Voting rights are the essential building block of our democracy. Yet voting rights for many people remain endangered today. And for most of U.S. history, only a minority of U.S. citizens could vote, mostly property-owning white males. That changed with the 19th amendment to the Constitution in 1920, the culmination of the largest nonviolent movement for social change in American history, recognizing voting rights for women as well as men. New York State played a key role in that story. This presentation highlights the importance of grassroots action by women and men, both Black and white, in New York State’s historic movement for woman suffrage. It challenges us to consider whether community-based organizing remains a powerful tool in the unfinished revolution for voting rights today.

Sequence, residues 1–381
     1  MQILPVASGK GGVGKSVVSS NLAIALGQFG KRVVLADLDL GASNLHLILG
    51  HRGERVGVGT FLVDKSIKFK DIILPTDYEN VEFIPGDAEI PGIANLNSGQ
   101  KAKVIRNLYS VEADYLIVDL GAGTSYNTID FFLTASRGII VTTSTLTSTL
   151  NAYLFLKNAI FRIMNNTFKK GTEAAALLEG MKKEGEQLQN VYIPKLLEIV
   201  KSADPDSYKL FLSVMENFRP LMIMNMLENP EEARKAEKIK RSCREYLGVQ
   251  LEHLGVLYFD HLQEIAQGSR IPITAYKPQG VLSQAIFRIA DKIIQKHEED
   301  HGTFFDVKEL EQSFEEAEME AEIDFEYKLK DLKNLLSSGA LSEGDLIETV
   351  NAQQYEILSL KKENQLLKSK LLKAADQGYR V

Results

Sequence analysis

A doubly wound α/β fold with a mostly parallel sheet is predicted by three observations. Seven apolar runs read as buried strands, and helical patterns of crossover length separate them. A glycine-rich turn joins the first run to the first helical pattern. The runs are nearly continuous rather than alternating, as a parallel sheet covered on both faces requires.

Way Beyond Seneca Falls: Women’s Suffrage, an Unfinished Revolution, and the Power of Place in NY
Tuesday, March 28, 2023
Register for this free online event here:
Judith Wellman is the Principal Investigator, Historical New York Research Associates, and Professor Emerita, State University of New York at Oswego. Judith focuses on historic sites relating to women’s rights, the Underground Railroad, and African American life across New York State. She lives in a house with unruly gardens on the banks of a millpond in upstate New York. She views historical work relating to equal rights as a contribution to a future of mutual respect and justice for all people.
This event has been organized by the New York State Archives Partnership Trust in partnership with the New York State Museum.